Why risk shouldn’t be reactive

After 10 years of a record bull run, the recent market correction has come as a shock – even to those who have seen significant equity movements in the past. As a result, some have hit the panic button, and looked to de-risk their portfolios.  That said, I’m pleased to say that none of our clients did so.

Over the years, I have come to realise that if you are shopping for something, and it’s half price, you don’t wait until it’s back at full price before you buy. You might even stock up.

Whether that’s groceries or socks, it’s natural behaviour.

But when we see a price fall in investments, our instinct is to do the opposite. While this is understandable there are many pitfalls of turning that instinct into action.

When is a loss not a loss?

Virtually within a week, the FTSE All Share shed nearly 1500 points – around 34%.  But, and this is important, this loss was not locked in unless investors immediately sold their investments and withdrew the resulting cash from the market.  In doing so, they would have missed the market rebound over 17% in the following 3 weeks, and crystallised a larger loss than if they had remained in the market.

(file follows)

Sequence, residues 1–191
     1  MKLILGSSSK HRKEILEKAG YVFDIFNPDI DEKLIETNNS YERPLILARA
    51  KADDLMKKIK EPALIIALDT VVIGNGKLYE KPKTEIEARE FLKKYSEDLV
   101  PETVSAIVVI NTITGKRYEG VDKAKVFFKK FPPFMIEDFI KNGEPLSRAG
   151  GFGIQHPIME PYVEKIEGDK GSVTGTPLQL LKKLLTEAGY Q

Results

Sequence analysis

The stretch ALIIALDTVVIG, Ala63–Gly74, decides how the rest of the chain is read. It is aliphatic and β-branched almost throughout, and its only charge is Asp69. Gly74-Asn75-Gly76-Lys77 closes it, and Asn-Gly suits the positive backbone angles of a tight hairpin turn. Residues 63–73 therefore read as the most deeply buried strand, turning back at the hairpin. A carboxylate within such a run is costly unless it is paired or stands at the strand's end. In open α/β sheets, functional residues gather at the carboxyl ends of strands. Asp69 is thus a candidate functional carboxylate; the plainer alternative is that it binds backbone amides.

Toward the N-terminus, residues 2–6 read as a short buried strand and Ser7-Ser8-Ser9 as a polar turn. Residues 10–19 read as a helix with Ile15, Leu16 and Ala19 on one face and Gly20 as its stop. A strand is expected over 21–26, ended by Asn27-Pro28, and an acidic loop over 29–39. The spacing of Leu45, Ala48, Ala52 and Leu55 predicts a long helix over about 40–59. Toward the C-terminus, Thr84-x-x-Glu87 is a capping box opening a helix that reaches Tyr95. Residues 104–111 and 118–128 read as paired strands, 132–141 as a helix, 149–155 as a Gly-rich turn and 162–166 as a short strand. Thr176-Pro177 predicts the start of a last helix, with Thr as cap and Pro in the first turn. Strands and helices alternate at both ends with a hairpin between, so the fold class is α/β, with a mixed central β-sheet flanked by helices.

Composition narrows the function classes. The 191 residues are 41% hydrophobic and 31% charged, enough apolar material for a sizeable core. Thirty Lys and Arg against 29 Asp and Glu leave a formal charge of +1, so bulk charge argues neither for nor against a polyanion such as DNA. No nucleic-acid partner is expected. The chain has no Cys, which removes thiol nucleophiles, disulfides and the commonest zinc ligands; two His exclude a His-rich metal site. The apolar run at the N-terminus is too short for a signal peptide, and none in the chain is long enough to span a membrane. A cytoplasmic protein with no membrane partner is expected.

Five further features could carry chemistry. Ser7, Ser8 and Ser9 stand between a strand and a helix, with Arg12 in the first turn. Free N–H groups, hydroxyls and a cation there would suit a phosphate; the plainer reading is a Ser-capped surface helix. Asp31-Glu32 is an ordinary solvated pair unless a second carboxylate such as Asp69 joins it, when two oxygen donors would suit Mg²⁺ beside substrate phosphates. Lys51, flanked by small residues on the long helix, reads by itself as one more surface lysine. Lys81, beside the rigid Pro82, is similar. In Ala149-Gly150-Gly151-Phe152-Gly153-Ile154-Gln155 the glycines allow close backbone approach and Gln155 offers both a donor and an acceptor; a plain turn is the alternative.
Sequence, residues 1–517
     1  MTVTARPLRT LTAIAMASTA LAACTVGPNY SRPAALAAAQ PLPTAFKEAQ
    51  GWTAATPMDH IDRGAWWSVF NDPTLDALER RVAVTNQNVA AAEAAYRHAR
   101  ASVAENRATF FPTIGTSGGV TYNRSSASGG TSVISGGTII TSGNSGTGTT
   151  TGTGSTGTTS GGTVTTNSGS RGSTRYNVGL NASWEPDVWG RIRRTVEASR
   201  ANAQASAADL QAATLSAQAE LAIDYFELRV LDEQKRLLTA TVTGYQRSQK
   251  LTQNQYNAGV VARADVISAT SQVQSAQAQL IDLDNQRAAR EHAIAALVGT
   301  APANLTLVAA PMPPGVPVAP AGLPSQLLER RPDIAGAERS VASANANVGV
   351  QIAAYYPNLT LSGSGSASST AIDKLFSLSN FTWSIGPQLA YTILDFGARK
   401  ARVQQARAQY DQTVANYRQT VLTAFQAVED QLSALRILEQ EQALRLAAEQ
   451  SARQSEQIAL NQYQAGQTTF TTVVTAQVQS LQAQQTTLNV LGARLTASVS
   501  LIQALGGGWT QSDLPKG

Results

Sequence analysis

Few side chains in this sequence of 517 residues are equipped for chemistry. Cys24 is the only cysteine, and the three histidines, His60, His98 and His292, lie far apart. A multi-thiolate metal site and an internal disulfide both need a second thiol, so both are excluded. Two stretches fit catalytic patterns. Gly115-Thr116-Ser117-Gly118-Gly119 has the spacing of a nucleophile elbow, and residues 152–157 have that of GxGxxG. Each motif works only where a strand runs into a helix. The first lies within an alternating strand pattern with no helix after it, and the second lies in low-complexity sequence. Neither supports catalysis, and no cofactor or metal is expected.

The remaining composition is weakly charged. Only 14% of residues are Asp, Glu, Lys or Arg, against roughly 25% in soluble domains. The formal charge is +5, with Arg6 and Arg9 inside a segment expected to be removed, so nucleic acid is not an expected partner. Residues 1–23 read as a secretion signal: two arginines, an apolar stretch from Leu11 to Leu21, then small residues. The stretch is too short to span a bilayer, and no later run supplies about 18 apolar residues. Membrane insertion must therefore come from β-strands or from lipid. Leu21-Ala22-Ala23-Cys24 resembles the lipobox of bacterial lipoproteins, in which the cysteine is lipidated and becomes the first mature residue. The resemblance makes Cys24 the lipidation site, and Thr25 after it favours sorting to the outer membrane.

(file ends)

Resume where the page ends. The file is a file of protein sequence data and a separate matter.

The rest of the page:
Opportunity knocks

Imagine instead, that the investor was savvy enough to sell before they suffered the full pain of the market drop and exited the market round about the end of February. At that point, the FTSE All Share had fallen just 11.48%. By March 23rd, they might have been feeling quite pleased…but with the market now trending up, what will they do?  When do they decide to buy back in?

From what we read, it would appear that Active managers show they are broadly very excited about the opportunities now present. They are in no hurry, but there are businesses they have wanted to buy into for some time that now look to be priced attractively.  Investors out of the market stand to miss out on significant growth when these businesses bounce back.

Price is what you pay, value is what you get

In recent years, the debate of active versus passive fund management has been lively. A rising tide lifts all ships, so passive vehicles have held their own in a decade-long bull market.

If the tide has turned, now is the time for Active managers to prove their worth. They have the scope to be selective.  This means they can position themselves to avoid the worst hit areas if we see a recession, or conversely, maximise the benefit when we emerge.

Risk as part of a holistic financial plan